TRIPOLI (Reuters) – More than 100 people were killed and 500 injured in a week of clashes in western Libya, a government spokesman said, the latest bout of fighting that has highlighted volatility in the North African country months after Muammar Gaddafiâ€™s ouster.
No fighting had been reported since Monday in the Western Mountains area, about 160 kms south of the capital Tripoli, he said, after the interim government, seeking to impose its authority on a fractious country, called for a ceasefire and sent in troops to restore calm.
The clashes, which began on June 11, pitted fighters from the town of Zintan, who played a big role in ousting Gaddafi, against members of the El-Mashashia tribe, who chose not to join last yearâ€™s rebellion.
Resentment between the two groups spilled over into fighting in December and erupted again last week when a Zintan fighter was shot dead. Zintanâ€™s militias blamed the El-Mashashia tribe and retaliated, several members of the tribe said.
Government spokesman Nasser El-Manee told a news conference 105 people had been killed and 500 injured in the week of fighting. Doctors and ambulances had to be sent to the region to help evacuate the wounded, he said.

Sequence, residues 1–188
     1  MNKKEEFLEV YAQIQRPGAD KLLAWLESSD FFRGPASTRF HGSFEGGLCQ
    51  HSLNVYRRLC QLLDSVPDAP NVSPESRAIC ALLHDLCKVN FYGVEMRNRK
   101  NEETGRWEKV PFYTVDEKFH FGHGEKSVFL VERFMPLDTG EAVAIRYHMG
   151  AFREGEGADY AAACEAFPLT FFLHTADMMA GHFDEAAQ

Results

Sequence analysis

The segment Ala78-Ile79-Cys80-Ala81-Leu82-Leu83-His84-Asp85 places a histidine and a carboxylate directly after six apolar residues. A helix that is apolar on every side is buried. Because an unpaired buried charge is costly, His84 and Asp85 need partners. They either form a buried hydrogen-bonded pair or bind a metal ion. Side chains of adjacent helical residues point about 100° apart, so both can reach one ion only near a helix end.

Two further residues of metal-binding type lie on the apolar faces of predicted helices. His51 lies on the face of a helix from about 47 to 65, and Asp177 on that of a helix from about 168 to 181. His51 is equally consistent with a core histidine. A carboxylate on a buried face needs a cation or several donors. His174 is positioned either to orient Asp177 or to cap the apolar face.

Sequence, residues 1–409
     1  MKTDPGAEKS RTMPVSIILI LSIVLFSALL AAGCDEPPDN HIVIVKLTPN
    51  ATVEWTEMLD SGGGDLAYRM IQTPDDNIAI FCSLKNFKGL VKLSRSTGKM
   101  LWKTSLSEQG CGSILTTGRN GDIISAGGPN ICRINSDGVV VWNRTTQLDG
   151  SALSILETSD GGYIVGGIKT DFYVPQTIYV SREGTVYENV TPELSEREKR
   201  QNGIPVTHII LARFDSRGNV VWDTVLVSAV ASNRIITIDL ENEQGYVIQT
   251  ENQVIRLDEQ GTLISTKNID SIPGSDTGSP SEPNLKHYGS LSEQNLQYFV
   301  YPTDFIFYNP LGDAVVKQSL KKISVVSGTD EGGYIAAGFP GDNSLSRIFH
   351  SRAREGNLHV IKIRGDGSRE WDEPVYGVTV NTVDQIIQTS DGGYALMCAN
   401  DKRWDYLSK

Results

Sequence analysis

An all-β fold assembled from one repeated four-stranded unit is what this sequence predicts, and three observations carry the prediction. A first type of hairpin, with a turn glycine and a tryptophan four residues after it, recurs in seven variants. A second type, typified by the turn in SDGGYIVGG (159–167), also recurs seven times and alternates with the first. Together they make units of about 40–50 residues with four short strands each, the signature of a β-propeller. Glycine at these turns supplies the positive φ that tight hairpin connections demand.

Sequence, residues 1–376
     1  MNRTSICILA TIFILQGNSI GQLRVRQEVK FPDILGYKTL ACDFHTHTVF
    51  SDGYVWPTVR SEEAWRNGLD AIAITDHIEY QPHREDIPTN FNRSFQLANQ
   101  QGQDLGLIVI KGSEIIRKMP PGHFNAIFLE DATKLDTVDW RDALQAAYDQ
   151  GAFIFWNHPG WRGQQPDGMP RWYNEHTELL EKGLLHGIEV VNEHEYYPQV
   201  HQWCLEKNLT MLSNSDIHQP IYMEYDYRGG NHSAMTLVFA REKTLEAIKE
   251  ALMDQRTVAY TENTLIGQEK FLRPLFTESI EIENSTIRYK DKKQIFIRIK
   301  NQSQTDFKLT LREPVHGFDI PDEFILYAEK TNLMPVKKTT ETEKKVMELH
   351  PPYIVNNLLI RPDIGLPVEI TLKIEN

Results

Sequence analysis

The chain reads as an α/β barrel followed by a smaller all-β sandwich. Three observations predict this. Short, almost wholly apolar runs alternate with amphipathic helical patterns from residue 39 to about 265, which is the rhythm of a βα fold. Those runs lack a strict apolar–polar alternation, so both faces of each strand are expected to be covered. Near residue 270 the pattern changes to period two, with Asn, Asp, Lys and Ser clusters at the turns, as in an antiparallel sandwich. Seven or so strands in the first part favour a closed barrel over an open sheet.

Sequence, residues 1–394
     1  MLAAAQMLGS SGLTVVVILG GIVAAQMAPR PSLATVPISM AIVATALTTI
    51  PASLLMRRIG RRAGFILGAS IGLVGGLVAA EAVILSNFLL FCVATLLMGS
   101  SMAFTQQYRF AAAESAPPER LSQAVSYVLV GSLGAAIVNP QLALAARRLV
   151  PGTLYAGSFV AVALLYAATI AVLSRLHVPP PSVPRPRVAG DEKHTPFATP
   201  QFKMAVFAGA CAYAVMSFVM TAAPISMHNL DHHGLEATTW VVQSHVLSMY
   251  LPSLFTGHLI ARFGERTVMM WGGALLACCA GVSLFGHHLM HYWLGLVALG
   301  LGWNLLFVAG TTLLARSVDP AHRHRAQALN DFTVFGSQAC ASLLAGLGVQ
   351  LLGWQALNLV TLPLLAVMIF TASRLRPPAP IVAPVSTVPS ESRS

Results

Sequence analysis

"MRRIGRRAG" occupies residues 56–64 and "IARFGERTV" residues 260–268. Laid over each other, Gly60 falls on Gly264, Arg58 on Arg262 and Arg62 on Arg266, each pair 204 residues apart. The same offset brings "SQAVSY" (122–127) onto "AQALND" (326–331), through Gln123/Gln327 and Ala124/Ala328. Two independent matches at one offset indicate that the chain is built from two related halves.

â€œThere was use of both heavy and light weapons,â€ he said. â€œThe armed forces are now on the ground and calm has returned.â€â€
Long-standing tribal rivalries, divided communities plague Libya as the government struggles to impose order in the vast oil-producing country awash with weapons after the war.
Gaddafiâ€™s repressive rule kept in check the deep-running animosities in Libyan society, which often pit villages, cities, tribes or neighbors. When he was forced from power last year, old feuds re-surfaced.
Libyaâ€™s governing National Transitional Council and its Western backers hope the violence will not jeopardize a July 7 election for a national assembly.
(Reporting by Ali Shuaib; Writing by Marie-Louise Gumuchian; Editing by Louise Ireland)